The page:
Chen, You ; Kho, Abel N. ; Liebovitz, David ; Ivory, Catherine ; Osmundson, Sarah ; Bian, Jiang ; Malin, Bradley A./ Learning bundled care opportunities from electronic medical records. In: Journal of Biomedical Informatics. 2018 ; Vol. 77. pp. 1-10
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Chen, Y, Kho, AN, Liebovitz, D, Ivory, C, Osmundson, S, Bian, J & Malin, BA 2018, 'Learning bundled care opportunities from electronic medical records' Journal of Biomedical Informatics, vol 77, pp. 1-10. DOI: 10.1016/j.jbi.2017.11.014

Learning bundled care opportunities from electronic medical records. / Chen, You; Kho, Abel N.; Liebovitz, David; Ivory, Catherine; Osmundson, Sarah; Bian, Jiang; Malin, Bradley A.

In: Journal of Biomedical Informatics, Vol. 77, 01.01.2018, p. 1-10.

Research output: Contribution to journalArticle

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AU - Bian,Jiang

AU - Malin,Bradley A.

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N2 - Objective The traditional fee-for-service approach to healthcare can lead to the management of a patient's conditions in a siloed manner, inducing various negative consequences. It has been recognized that a bundled approach to healthcare - one that manages a collection of health conditions together - may enable greater efficacy and cost savings. However, it is not always evident which sets of conditions should be managed in a bundled manner. In this study, we investigate if a data-driven approach can automatically learn potential bundles. Methods We designed a framework to infer health condition collections (HCCs) based on the similarity of their clinical workflows, according to electronic medical record (EMR) utilization. We evaluated the framework with data from over 16,500 inpatient stays from Northwestern Memorial Hospital in Chicago, Illinois. The plausibility of the inferred HCCs for bundled care was assessed through an online survey of a panel of five experts, whose responses were analyzed via an analysis of variance (ANOVA) at a 95% confidence level. We further assessed the face validity of the HCCs using evidence in the published literature. Results The framework inferred four HCCs, indicative of (1) fetal abnormalities, (2) late pregnancies, (3) prostate problems, and (4) chronic diseases, with congestive heart failure featuring prominently. Each HCC was substantiated with evidence in the literature and was deemed plausible for bundled care by the experts at a statistically significant level. Conclusions The findings suggest that an automated EMR data-driven framework conducted can provide a basis for discovering bundled care opportunities. Still, translating such findings into actual care management will require further refinement, implementation, and evaluation.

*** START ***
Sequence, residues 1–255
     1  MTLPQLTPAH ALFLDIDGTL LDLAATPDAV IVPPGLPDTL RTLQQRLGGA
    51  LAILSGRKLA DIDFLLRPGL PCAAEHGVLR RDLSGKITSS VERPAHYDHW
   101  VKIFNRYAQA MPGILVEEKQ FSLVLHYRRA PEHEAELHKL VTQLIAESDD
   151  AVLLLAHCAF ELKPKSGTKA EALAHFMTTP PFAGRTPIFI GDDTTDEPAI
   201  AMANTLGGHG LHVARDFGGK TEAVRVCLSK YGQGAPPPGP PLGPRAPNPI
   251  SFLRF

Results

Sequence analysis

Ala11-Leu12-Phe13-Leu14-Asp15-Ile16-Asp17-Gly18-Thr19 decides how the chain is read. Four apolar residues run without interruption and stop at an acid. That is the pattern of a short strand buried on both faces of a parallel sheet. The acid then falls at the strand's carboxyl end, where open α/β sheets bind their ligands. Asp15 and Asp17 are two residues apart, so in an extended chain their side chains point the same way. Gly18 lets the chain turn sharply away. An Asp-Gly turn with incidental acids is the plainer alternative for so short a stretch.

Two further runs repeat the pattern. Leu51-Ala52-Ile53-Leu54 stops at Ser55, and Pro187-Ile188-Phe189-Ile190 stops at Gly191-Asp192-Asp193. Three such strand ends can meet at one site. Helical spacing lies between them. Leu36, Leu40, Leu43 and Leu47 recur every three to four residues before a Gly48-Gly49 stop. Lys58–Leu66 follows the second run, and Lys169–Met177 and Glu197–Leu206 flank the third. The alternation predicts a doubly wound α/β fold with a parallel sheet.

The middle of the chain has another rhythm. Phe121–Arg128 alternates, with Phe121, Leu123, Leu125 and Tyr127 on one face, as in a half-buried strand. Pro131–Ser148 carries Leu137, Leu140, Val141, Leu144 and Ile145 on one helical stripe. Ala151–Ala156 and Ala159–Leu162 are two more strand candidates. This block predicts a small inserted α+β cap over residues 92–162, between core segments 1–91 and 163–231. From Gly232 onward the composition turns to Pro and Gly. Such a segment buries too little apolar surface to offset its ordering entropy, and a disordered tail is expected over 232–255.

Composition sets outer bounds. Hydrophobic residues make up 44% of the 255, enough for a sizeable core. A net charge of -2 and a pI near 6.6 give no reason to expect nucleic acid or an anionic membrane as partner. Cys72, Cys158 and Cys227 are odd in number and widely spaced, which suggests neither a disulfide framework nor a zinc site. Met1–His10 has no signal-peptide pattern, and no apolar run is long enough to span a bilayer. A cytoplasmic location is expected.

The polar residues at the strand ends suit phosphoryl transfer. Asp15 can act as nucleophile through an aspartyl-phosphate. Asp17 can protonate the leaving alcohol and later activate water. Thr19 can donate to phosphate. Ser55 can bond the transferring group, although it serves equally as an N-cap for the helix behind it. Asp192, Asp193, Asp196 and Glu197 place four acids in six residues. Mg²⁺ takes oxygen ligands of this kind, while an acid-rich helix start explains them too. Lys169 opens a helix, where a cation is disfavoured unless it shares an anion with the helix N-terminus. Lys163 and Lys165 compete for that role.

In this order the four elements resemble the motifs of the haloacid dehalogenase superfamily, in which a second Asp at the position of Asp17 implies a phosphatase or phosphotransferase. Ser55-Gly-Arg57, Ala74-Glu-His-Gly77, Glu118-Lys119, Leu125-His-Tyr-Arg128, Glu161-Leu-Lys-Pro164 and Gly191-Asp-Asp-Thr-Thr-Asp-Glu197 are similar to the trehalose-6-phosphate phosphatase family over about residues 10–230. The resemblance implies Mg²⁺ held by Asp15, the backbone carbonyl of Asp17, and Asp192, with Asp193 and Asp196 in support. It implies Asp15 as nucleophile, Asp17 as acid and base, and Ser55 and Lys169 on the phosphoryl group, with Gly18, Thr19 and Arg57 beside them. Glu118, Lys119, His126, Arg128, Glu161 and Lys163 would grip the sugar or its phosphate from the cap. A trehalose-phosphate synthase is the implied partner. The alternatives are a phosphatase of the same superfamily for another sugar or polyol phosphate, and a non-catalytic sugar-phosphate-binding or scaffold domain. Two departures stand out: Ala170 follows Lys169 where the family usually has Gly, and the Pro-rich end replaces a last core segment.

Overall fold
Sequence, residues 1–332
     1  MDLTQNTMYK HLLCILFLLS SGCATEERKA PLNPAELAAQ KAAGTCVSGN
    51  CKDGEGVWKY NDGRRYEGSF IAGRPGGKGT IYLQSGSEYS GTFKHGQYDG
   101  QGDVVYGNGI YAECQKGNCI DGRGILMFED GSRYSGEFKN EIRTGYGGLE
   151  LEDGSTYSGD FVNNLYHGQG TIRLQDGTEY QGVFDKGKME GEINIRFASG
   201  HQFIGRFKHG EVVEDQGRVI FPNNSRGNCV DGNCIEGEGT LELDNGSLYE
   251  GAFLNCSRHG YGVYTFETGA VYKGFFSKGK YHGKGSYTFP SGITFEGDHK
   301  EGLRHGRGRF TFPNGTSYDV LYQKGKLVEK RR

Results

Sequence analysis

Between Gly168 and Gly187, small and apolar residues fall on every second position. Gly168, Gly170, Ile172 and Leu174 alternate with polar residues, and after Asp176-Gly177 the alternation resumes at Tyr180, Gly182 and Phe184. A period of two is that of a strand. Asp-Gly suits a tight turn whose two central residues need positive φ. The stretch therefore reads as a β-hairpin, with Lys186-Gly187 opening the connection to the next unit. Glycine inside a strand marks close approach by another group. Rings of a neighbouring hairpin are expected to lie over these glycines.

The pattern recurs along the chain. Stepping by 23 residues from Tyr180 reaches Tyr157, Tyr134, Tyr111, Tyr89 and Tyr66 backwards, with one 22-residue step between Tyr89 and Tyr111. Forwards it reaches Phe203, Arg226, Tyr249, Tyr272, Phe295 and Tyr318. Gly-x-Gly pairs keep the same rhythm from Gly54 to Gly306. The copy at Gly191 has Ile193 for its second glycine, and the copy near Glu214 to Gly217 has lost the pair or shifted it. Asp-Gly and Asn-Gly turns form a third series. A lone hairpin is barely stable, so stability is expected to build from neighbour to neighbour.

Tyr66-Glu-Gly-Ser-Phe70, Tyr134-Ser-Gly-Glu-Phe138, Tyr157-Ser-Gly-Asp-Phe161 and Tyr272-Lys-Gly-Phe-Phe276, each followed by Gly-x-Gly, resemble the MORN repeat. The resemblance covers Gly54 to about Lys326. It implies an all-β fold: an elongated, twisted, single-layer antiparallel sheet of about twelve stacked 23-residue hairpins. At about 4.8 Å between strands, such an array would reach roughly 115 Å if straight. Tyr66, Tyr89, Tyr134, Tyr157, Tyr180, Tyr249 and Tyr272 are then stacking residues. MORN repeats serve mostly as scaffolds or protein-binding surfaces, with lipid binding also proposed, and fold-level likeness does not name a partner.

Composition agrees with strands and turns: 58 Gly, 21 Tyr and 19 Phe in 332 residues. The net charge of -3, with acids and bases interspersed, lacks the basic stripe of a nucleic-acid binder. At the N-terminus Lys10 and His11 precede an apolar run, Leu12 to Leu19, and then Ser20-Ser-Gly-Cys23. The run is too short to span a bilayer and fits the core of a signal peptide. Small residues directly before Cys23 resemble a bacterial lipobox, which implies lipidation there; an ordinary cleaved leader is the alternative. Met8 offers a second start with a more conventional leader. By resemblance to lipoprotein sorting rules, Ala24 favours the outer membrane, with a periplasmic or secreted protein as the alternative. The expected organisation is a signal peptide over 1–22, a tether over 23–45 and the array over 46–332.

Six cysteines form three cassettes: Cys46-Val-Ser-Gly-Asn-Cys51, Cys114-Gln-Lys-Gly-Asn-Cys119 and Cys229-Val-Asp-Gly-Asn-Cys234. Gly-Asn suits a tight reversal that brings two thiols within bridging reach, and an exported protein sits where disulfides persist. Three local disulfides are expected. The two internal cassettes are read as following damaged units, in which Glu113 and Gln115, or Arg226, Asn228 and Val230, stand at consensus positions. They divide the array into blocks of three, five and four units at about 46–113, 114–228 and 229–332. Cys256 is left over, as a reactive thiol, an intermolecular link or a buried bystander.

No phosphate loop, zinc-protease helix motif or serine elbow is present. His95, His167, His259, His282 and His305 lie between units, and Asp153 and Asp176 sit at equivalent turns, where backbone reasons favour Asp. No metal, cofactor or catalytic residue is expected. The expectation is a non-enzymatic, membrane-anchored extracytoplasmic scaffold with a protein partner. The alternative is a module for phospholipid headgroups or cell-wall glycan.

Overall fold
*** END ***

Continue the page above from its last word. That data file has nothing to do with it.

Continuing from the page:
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Chen Y, Kho AN, Liebovitz D, Ivory C, Osmundson S, Bian J et al. Learning bundled care opportunities from electronic medical records. Journal of Biomedical Informatics. 2018 Jan 1;77:1-10. Available from, DOI: 10.1016/j.jbi.2017.11.014